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Published: February 17th 2012
Bur Dubai & Deira are the oldest parts of Dubai along the creek.
On the Deira side, you will find rows of working Dhows, large wooden flat vessels crossing the Indian Ocean and Arabian Sea. I love that they are all so colorfully painted, its like a carnival! Possibly covering up the very worn & rickety wooden structures. They have outdoor,ever practica,l wooden toilet thrones, all ready to commune with nature,& the high seas, set up on the backs of the boats...
The dhows trade between Dubai and places like Iran, Pakistan, India and Oman. Most of the boats we saw were sailing to Iran which apparently takes a day. There were even new cars loaded on to the back of these very rickety vessels, and everything from bags of rice to air conditioners. Most goods have arrived here by air from China, South Korea & Singapore, then re exported to these other countries. The Dhows are full of character and history, colorful, worn, repaired, enduring. Men are seen heaving heavy loads of goods on their backs and shoulder, loading and unloading the dhows.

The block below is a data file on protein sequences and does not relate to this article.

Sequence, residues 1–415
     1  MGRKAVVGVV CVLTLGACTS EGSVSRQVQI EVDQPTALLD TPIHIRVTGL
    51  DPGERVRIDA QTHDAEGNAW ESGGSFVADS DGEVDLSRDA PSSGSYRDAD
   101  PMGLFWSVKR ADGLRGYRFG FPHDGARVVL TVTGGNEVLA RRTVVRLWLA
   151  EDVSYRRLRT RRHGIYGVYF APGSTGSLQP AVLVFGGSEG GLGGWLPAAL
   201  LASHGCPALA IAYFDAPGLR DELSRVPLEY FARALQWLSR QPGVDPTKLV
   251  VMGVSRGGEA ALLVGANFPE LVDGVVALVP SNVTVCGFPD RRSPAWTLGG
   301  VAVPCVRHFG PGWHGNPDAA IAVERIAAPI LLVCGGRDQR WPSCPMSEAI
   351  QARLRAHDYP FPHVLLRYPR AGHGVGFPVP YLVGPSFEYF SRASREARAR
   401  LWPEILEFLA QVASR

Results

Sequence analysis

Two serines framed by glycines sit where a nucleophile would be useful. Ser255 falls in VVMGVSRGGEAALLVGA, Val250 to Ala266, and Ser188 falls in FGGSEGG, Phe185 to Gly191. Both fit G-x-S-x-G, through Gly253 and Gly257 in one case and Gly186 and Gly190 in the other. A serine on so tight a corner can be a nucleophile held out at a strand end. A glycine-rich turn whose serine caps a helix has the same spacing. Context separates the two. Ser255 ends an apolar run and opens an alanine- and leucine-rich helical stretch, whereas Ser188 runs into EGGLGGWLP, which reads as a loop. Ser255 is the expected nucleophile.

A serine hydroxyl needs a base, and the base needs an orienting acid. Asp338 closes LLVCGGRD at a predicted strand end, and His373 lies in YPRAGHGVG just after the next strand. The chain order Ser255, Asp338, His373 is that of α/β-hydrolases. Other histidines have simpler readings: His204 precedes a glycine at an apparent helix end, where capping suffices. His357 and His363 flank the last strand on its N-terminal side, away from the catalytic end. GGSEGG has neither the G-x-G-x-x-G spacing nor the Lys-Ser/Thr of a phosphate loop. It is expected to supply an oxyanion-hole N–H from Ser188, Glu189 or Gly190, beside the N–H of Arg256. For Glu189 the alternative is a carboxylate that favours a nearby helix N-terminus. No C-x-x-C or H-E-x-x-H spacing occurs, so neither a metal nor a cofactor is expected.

It is probably one of the most interseting areas of Dubai, a melting pot
of cultures & nationalties. It is a hive of activity, energy, bustling, which can be a contrast to the often slower pace of general life here...I think everything slows down with the heat.
The traditional Abras, very low, flat, small wooden boats, carry passengers along and across the creek constantly, non stop all day. It only costs 1 Dirham ( about 30cents) to travel across the creek. Everyone piles on to the Abras, seated on the edge, close to the water , a great vantage point to take in all the sights along the creek. It is a great way to see Bur Dubai Souk, then catch the Abra to the Deira Souk, Spice & Gold Souk. The Abra stations are also a hive of multicultural sightseeing!
When I first visited the docks I was nervous to photograph the sailors, but have since seen on returning how friendly and obliging they are to be photographed especially once I wave & acknowledge them or try to chat if they speak a little English. I didn't want to be too much of a tourist and intrude on their working lives, but it is such a wonderful sight to be photographing.
Hence I have included lots of photos here...they tell the story, enjoy!
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